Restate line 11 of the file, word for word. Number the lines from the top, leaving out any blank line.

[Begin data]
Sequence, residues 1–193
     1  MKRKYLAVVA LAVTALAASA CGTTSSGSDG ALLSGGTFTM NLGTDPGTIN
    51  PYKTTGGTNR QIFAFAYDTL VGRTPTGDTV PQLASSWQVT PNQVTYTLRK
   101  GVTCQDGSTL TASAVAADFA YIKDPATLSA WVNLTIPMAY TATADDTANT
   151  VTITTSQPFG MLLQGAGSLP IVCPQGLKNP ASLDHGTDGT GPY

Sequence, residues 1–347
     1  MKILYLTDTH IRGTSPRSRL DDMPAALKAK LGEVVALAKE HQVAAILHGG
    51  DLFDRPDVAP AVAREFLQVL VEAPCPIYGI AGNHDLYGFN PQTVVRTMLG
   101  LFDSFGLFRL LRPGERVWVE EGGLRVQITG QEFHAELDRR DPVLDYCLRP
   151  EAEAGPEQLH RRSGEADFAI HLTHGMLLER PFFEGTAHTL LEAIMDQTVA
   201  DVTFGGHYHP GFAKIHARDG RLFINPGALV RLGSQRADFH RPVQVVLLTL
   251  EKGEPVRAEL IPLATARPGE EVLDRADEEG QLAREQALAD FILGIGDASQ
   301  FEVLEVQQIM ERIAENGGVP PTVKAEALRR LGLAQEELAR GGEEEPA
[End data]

   201  DVTFGGHYHP GFAKIHARDG RLFINPGALV RLGSQRADFH RPVQVVLLTL